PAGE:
Since we first developed Avogadro my ambitions grew. Everything we learned from the development of Avogadro 1.x led to an ambitious rewrite of Avogadro. We have been working on Avogadro 2 for quite some time, initially funded by a US Army SBIR (the first SBIR grant I obtained after joining Kitware), lots of our own time, and more recently some DOE funding.
The rewrite was not as easy as I originally hoped, and we hit some dead ends in developing some components. The world also insists on changing around us, which always keeps things interesting! The Avogadro 2 libraries were designed to be far more modular from the start, featuring core libraries that only need C++11, then layering on OpenGL, Qt and other dependencies in other libraries or plugins.
The licensing was also changed from GPLv2 to 3-clause BSD to permit much wider/easier reuse under a permissive open source license. This aligns with my employer’s commercialization strategy for open source, and offers reference implementations that can be freely reused by anyone. My thinking in this area has evolved significantly since I entered open source, and considering all of the complications arising from license compatibility, questions of distribution, compliance, whether a work is a derivative I strongly prefer the simpler permissive licensing model. I think copyleft has a place, but I am not convinced it is science, but this is a discussion for another time…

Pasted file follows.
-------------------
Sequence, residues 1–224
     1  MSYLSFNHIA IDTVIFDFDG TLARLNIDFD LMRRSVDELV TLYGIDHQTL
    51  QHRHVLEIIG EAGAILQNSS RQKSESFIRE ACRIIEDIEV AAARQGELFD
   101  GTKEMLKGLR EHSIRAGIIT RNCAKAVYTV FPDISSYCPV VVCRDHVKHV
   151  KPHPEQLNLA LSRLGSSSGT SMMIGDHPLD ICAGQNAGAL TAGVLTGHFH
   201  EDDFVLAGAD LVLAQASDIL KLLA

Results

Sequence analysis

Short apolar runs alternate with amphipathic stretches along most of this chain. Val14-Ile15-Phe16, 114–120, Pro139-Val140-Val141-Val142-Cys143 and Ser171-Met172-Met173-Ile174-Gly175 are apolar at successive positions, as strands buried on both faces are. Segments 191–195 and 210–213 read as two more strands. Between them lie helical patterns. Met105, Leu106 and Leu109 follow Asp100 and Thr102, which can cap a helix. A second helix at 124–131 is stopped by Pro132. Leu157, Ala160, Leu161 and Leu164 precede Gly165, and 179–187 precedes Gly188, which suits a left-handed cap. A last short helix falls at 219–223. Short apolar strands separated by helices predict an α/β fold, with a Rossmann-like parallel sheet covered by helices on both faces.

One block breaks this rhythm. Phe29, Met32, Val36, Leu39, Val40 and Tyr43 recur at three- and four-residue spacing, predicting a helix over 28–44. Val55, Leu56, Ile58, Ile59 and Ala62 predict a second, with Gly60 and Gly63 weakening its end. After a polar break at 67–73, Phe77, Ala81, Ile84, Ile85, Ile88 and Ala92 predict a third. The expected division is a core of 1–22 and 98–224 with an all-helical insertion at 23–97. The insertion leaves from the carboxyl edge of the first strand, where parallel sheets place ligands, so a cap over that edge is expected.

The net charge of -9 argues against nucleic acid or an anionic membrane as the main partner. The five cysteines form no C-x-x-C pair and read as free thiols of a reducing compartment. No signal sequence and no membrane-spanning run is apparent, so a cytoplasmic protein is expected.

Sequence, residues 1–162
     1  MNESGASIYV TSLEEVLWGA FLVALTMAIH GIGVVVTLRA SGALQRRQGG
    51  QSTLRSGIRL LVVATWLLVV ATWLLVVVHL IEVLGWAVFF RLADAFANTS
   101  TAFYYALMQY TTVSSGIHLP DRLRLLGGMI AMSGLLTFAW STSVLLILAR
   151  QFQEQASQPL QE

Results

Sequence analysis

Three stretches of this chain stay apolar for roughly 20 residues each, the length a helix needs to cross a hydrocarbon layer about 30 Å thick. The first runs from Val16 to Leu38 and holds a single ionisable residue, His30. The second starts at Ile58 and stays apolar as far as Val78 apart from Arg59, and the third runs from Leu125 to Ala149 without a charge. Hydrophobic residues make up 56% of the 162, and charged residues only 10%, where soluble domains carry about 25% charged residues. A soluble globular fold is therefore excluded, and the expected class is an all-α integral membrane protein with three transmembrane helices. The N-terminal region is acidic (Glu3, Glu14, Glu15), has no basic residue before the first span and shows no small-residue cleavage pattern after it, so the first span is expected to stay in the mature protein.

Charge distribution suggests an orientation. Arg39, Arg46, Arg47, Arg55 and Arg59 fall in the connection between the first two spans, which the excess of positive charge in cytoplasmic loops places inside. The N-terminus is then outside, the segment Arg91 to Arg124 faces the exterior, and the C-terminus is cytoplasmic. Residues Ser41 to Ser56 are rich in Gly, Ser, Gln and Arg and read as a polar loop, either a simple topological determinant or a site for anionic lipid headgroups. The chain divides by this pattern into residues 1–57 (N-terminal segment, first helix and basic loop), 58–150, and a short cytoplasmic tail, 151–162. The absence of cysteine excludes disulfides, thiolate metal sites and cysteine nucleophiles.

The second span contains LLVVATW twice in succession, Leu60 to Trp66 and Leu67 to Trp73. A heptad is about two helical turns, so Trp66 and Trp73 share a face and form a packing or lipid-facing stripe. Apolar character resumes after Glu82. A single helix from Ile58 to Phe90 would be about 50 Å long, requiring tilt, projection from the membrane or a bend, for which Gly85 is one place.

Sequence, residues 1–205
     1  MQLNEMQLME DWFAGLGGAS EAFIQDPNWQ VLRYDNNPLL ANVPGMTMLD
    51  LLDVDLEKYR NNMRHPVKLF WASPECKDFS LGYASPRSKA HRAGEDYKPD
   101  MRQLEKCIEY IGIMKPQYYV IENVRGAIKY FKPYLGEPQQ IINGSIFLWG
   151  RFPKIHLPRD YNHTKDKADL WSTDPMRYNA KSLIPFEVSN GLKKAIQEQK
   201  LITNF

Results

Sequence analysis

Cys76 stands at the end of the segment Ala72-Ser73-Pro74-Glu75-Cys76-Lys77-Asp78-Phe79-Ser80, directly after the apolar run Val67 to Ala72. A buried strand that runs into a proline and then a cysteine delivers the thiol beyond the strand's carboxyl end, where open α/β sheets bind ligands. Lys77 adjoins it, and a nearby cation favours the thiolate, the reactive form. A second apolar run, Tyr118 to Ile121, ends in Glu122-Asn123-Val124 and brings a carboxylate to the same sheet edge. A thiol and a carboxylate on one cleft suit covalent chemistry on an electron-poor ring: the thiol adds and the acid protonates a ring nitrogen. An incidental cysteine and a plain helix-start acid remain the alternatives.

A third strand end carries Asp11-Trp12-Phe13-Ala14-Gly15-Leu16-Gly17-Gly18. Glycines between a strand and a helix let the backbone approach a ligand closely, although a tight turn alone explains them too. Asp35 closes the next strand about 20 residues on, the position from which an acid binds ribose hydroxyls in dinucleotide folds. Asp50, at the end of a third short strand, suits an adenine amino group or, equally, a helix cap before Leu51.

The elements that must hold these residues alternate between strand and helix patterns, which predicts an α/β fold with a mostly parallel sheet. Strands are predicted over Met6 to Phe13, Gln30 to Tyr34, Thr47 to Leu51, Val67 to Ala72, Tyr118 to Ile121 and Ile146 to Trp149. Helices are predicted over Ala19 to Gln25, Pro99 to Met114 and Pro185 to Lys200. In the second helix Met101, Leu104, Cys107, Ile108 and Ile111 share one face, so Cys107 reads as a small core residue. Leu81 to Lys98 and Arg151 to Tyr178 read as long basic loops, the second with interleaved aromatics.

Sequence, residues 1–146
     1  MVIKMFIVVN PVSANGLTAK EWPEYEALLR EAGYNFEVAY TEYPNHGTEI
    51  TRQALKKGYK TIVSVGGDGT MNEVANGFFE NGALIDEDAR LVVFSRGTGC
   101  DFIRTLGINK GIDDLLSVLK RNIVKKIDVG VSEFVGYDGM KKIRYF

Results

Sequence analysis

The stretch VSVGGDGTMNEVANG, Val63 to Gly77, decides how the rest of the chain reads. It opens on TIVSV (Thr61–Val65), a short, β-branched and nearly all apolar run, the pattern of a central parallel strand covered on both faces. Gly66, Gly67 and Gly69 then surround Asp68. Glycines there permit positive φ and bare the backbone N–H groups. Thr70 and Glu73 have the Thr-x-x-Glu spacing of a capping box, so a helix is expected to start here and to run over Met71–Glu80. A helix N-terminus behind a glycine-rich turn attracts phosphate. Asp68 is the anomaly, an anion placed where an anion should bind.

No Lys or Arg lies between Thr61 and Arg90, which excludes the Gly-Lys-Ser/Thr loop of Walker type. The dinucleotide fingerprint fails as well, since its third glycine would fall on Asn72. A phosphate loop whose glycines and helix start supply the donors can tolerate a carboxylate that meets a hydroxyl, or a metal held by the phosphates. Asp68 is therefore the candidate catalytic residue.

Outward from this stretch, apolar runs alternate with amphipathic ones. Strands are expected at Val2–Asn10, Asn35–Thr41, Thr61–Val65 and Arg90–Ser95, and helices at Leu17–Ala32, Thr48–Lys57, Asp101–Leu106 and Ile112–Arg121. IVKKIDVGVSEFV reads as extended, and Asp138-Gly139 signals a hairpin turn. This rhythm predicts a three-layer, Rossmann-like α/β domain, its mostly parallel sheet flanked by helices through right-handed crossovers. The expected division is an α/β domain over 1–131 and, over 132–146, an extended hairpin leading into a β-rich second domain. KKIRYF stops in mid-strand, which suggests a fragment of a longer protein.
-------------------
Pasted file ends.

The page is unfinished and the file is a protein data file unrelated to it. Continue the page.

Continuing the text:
One of the upshots of this is that the new Avogadro 2 libraries can be used without any rendering/graphical interface dependencies. This has enabled us to wrap the core libraries with PyBind11, and enable
pip install avogadro to bring in those core modules. We are reusing core functionality in JupyterLab notebooks for file reading, orbital cube generation, and other pieces in web-based workflows. We are also reusing the same Python wrapped API in Python-based server plugins for an open chemistry data server.